The global market for automotive technology that utilizes 5G is equally poised for steady growth, as drivers and pedestrians need near-instant notification of car accidents and other traffic hazards, road construction, and extreme weather conditions in today’s world.
The 5G Automotive Association and eight of its global members, including Verizon, Intel, and HARMAN, recently partnered with local public groups in Virginia to test this concept during a live trial in Blacksburg. Using 5G signals and multi-access edge computing, high-speed computers link with car sensors and smartphones to provide live data through user-authorized apps. For example, all connected devices receive a warning message if a potentially dangerous situation is nearby.
These advancements are key to reducing traffic-related incidents, which have been rising at a record pace. There are roughly 6 million car accidents every year in the U.S., and road crashes remain the leading cause of death in our country. Rather than simply detecting their surroundings, 5G-enabled cars, trucks, and other vehicles can now correspond with them on the spot to help minimize collisions and make our streets safer.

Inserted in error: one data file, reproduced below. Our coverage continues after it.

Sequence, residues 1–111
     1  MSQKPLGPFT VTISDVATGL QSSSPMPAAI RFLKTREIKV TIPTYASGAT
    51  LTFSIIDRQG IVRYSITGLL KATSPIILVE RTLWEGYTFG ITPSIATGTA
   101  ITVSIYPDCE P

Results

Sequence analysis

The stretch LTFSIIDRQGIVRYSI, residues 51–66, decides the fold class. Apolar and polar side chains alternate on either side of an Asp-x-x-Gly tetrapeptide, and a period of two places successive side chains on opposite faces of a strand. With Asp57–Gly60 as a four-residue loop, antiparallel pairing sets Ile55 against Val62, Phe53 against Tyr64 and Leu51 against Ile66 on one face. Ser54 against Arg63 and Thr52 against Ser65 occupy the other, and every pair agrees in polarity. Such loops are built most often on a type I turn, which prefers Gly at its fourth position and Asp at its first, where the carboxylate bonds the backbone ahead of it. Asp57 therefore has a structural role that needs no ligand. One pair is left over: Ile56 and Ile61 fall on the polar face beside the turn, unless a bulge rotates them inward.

And given that more of our time will be spent in vehicles as we transition to electric cars and autonomous driving, connected cars will increasingly get remote software and firmware updates to help keep their internal tech up to date. The ongoing expansion of 5G will allow for larger data volumes to be sent to and from vehicles at faster speeds over time.
Likewise, passengers will be able to stream, chat, and upload content at faster speeds without compromising quality to create a more immersive experience. Who knows? As more workers head back to the office and commute times increase, you may wind up joining your next video conference from the passenger seat.
What innovations have you witnessed in the automotive sector over the last two years? Let us know your thoughts on Facebook, Twitter, and LinkedIn.
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This UrIoTNews article is syndicated fromGoogle News